Do you have goals and dreams you’re working towards? I would say that 95% of the people I meet do not have a specific goal they are working toward in their life. However, this can change with new information. Specifically, the type of information that creates hunger and the desire to change. Below is an article from Bill Lewis, a LIFE Coach and LIFE Founder that explains the power and importance of goals.
Goals: That one simple word holds so much power. Yet very few people really use it, truly understand it, or harness the power of it. It is amazing how my life transformed after I was exposed to the power of goals. When I joined the LIFE business, my eyes were opened to how goals could help me pursue my dreams.
If dreams are the destination, then goals are the path to get you to your dreams.
If you only have a dream, it may take you a very long time to get to your dream, or worse, you may never get there at all. Goals are what keep you focused, moving forward, and out of the ditches of lost dreams. Let’s take a look at what The Magic of Thinking Big teaches about goals:
A goal is an objective, a purpose. A goal is more than a dream; it’s a dream being acted upon. A goal is more than a hazy “Oh, I wish I could.” A goal is a clear “This is what I’m working toward.” Nothing happens, no forward steps are taken until a goal is established. Without goals individuals just wander through life. They stumble along, never knowing where they are going, so they never get anywhere.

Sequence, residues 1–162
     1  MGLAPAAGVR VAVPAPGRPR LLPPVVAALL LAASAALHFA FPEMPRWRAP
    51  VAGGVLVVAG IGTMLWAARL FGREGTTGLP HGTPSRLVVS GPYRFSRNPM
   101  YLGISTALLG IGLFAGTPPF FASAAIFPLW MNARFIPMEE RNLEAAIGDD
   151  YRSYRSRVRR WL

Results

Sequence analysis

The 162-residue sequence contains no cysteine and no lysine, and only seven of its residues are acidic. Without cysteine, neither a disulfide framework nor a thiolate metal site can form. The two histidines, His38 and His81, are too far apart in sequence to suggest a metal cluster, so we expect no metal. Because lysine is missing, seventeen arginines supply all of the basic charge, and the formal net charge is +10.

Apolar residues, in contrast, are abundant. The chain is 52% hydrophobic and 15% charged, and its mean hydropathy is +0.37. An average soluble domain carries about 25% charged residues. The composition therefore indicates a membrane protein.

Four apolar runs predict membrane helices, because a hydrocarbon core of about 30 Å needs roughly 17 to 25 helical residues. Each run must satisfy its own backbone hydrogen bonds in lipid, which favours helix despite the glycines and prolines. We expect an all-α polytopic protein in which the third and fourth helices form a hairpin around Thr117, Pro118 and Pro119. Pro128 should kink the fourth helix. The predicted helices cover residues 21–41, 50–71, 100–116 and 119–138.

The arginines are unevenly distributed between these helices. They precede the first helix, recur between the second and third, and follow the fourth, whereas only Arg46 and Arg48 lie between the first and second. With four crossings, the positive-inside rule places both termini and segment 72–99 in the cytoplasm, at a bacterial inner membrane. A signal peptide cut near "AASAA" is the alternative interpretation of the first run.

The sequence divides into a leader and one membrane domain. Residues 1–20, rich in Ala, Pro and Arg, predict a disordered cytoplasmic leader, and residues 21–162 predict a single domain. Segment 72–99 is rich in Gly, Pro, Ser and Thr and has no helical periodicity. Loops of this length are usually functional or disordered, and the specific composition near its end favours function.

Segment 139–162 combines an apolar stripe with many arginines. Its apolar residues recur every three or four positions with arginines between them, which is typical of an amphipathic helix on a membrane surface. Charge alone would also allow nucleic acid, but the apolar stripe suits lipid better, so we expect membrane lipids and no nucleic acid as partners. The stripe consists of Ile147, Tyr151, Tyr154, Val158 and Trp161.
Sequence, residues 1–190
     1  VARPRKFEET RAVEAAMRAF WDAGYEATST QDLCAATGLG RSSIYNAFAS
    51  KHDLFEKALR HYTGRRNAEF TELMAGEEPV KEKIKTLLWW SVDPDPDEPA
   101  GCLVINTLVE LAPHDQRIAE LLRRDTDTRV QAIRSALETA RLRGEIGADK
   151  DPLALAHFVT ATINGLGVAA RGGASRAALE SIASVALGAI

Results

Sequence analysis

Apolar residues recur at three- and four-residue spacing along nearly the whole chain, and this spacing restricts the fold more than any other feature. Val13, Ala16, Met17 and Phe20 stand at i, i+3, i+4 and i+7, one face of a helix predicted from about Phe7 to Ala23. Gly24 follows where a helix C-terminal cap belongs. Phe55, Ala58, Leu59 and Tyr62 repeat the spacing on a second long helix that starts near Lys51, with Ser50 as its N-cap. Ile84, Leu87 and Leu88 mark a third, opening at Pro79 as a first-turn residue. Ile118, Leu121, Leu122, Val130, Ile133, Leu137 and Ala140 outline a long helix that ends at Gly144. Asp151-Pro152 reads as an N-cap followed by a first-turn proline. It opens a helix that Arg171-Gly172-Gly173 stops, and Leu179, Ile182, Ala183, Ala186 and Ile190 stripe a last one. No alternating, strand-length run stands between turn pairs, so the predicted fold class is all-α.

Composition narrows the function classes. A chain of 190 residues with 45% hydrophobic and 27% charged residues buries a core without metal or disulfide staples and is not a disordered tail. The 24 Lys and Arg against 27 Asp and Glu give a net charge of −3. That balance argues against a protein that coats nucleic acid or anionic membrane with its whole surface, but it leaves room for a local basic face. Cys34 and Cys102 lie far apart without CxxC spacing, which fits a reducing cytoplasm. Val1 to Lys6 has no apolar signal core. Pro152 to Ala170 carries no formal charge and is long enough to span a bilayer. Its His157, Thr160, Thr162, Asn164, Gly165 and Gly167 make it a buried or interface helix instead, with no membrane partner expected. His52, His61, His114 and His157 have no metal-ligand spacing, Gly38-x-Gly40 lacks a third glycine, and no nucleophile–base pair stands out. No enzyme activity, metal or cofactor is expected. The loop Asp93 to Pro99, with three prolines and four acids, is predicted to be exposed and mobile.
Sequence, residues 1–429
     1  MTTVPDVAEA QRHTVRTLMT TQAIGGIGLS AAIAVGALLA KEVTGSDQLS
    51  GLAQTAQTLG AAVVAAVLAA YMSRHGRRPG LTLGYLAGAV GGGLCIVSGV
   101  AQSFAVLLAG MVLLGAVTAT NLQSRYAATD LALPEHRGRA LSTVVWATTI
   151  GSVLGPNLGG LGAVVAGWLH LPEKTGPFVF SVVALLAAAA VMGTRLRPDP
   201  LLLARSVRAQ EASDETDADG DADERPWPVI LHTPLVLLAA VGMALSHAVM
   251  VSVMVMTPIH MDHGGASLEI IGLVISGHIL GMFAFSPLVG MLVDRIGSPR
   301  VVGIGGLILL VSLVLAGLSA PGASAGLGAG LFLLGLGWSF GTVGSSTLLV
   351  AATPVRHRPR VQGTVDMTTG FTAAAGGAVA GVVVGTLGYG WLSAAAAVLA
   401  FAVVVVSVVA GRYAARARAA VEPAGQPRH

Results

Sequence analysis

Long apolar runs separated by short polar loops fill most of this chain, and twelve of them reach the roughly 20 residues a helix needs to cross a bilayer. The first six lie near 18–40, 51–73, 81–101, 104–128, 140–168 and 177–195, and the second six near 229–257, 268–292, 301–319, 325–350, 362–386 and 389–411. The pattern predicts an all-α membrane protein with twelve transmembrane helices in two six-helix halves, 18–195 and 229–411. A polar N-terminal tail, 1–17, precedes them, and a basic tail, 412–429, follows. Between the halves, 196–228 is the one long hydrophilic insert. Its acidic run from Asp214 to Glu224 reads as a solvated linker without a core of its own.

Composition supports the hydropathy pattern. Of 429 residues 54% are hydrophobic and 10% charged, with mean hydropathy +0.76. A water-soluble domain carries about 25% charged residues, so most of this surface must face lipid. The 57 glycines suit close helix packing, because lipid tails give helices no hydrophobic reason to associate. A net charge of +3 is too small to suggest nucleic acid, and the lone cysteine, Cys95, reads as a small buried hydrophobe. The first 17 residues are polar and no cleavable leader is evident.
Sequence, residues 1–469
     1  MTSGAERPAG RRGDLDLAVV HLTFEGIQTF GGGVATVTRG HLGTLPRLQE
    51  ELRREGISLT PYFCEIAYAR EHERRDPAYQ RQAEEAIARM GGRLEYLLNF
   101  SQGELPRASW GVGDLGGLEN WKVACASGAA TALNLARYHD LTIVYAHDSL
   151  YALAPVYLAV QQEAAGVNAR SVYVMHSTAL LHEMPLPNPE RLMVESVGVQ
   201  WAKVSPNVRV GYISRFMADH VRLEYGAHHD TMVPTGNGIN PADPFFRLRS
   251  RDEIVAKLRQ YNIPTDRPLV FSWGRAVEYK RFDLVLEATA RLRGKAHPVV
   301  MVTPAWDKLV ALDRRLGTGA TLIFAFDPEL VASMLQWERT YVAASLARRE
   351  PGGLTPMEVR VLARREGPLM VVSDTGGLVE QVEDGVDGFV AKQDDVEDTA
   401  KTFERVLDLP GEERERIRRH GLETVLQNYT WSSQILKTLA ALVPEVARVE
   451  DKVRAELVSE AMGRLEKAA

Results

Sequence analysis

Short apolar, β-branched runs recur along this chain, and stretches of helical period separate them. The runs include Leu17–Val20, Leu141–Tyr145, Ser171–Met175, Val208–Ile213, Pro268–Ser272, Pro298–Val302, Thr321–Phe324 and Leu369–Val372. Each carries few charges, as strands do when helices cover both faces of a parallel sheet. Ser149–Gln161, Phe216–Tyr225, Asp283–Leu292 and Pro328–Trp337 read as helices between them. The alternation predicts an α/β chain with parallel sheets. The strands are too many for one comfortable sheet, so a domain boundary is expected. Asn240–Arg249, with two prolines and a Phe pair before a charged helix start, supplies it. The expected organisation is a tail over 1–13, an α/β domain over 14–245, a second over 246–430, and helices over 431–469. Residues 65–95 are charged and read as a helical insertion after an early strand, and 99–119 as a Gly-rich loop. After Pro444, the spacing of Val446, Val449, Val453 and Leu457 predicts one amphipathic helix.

Let’s start with the big picture first and then work backwards.
How do you picture your future? What does your family look like? How do you act ? What does your relationship with your spouse look like? How is your faith? What business do you own? What kind of house are you living in? Do you have multiple houses? What kind of cars do you drive? What do you look like physically? Are you funding any charities?
When you do this part, you should write it out and keep the paper somewhere visible. This will serve as your overall life template.
This is the time to really try and stretch your dreams. One of my mentors Chris Brady says, “Most people way overestimate what they can do in one year and drastically underestimate what they can accomplish in ten years.” Another way of putting it is that you should almost laugh at what you put down because it seems so improbable at this moment in time. Won’t it be fun to go back to this list and discover that you accomplished everything on it? You will think to yourself, “I should have dreamed bigger!” Once you have the dreams written out, you can start to set goals to help accomplish the tasks. You may not even know what goals to write down yet, but that may lead to your first goal: find a mentor that can guide you to these dreams. One thing I have learned about successful people is that they are dying to help others accomplish their goals. The people who will give you the hardest time about achieving your dreams are the ones that have achieved the fewest themselves. Any successful person you talk to will give you all the advice he can because he has already achieved that goal himself.